Settlement for above-knee amputee following failure by St George's Hospital to diagnose ischaemia | Fieldfisher
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Case Study

Settlement for above-knee amputee following failure by St George's Hospital to diagnose ischaemia

Jane Weakley reached settlement of £190,000 on behalf of 83-year-old Arthur* after a negligent delay in diagnosing ischemia meant he had to undergo an above-knee amputation.

Arthur had a series of complex health issues including vascular aneurysms. Two years ago, he experienced pain in his left leg and his GP advised him to attend A&E with the possibility of deep vein thrombosis (DVT).

Staff at A&E at St Helier's Hospital did indeed diagnose suspected DVT and advised Arthur to attend the Acute Clinical Unit the next morning, but when he did so, it was closed. Following review by Emergency Department staff, he was discharged home with a diagnosis of probable worsening of his femoral aneurysm and was recommended follow up by his treating surgeons.

Back home, Arthur remained in significant pain. An ambulance brought him to St George's Hospital A&E Unit. Following review, and as he was booked in for a vascular appointment two days later, staff made the decision to discharge him home with a diagnosis of DVT.

By this time, the pain was 'unbearable', prompting a return to St George's Hospital the next day. Upon arrival Arthur was diagnosed with an acutely ischaemic left lower leg and subsequently underwent an above-knee amputation.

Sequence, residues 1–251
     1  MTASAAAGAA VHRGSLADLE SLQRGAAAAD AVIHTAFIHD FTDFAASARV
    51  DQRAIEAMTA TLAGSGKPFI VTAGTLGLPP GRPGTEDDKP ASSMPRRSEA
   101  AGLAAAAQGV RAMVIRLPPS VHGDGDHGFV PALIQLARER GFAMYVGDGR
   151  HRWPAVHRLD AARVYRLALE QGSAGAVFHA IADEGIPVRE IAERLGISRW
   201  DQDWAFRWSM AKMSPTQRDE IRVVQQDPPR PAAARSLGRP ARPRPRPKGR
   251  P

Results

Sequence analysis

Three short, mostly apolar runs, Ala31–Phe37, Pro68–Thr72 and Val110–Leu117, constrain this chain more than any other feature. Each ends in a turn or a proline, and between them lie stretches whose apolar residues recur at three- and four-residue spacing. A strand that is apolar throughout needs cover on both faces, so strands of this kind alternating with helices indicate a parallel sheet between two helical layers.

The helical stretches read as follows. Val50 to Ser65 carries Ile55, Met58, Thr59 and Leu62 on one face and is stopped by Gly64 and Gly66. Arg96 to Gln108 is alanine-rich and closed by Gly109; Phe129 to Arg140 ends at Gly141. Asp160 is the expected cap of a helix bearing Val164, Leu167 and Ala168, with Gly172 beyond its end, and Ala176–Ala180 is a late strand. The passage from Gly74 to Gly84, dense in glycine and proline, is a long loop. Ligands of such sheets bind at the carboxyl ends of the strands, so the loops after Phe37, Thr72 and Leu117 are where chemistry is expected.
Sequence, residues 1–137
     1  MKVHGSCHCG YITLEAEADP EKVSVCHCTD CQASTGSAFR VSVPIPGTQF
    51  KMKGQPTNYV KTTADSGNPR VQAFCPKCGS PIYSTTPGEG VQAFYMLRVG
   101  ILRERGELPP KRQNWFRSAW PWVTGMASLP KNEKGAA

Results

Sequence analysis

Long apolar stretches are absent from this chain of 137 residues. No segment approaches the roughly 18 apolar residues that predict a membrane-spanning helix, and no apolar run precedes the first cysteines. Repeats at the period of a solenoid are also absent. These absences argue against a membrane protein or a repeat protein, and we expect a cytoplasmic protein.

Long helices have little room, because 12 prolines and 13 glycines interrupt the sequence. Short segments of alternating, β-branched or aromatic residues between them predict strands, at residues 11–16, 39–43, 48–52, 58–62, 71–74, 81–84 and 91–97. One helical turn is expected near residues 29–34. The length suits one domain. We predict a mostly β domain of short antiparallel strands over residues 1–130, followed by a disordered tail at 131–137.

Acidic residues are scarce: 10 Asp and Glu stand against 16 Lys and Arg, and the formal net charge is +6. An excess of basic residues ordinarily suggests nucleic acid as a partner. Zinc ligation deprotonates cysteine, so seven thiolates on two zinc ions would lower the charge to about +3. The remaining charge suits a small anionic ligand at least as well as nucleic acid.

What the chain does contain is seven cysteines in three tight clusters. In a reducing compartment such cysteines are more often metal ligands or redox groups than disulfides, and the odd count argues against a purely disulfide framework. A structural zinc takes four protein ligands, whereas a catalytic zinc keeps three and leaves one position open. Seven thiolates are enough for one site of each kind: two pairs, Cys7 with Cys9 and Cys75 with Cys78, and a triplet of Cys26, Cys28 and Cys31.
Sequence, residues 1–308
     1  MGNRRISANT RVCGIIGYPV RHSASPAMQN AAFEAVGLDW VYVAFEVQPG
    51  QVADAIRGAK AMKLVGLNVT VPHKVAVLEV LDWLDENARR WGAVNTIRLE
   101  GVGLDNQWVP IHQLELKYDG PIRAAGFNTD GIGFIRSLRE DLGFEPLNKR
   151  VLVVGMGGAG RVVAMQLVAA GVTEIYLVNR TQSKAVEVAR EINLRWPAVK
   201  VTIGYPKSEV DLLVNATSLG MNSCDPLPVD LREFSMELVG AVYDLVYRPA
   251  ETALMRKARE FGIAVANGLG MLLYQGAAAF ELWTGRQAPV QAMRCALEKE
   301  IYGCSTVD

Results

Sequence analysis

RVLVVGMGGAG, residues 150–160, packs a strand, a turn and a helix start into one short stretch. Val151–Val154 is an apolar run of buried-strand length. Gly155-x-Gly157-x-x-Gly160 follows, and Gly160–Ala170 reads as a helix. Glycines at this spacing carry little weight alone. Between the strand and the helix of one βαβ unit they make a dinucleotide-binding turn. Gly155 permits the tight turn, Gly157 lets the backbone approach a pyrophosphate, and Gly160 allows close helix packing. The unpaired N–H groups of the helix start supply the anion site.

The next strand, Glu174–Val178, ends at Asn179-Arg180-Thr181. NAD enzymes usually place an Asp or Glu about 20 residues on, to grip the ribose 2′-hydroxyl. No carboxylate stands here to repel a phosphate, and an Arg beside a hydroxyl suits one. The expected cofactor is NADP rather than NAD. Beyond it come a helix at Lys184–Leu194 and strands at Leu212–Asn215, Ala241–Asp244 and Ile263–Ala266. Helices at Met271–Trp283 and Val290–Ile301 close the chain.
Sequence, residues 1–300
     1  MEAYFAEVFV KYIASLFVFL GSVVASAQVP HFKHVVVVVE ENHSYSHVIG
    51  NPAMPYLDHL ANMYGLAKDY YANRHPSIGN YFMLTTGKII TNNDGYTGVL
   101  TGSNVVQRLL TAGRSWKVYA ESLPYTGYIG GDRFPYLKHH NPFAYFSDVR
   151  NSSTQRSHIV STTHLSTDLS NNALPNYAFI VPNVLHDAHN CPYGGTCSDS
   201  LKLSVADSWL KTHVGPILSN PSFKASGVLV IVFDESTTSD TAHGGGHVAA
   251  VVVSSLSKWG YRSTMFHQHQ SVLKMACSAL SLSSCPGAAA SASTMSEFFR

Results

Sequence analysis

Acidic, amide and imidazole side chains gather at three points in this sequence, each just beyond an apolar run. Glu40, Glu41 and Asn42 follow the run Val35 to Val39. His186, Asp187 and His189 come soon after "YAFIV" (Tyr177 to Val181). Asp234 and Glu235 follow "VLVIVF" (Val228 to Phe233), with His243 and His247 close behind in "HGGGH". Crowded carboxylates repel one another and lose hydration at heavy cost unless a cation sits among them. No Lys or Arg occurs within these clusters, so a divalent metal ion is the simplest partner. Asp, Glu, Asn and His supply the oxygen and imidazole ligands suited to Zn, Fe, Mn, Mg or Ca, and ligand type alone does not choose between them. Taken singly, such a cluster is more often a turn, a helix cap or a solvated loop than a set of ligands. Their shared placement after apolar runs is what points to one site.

Today, Arthur suffers from phantom leg pain and requires a powered wheelchair for mobility indoors and outdoors. It has been deemed unsuitable for him to use a prosthetic limb and he will have limited mobility for the rest of his life. Furthermore, Arthur now suffers with balance issues, requires assistance in all aspects of his daily life, and is no longer able to drive. He has lost his independence and is no longer able to enjoy the pastimes he once relished including gardening.

The Trust admitted that there had been a failure to carry out an adequate examination of the left leg when seen in A&E, that such examination would have identified signs of ischaemia and that there should have been a referral to the vascular team. However, it was not accepted that the left leg could have been saved and that amputation would have been inevitable in any event.

Both parties obtained and served expert vascular reports where there was disagreement about whether, on balance, the leg could have been saved. Given Arthur's advancing years and health issues, an early offer to settle was made but rejected. We issued proceedings that resulted in a negotiated settlement of £190,000 for pain and suffering, care and ongoing occupational therapy.

Following settlement, Arthur's son said:

"It will not bring my dad's leg back, but at least he has some funds to help with his ongoing care costs which he would not have without the help of Jane. Thank you for all your hard work Jane."

Jane Weakley added:

"It was important to achieve early settlement for Arthur given his advancing years and health issues. Prompt issuing of proceedings was needed to force a settlement which will go some way to providing additional care for Arthur and equipment to allow him to access his garden and shed."

* name changed

Contact us

For further information about delayed diagnosis claims and hospital negligence claims, please call Jane Weakley on 0330 460 6773 or email


All enquiries are completely free of charge and we will investigate all funding options for you including no win, no fee. Find out more about no win no fee claims.

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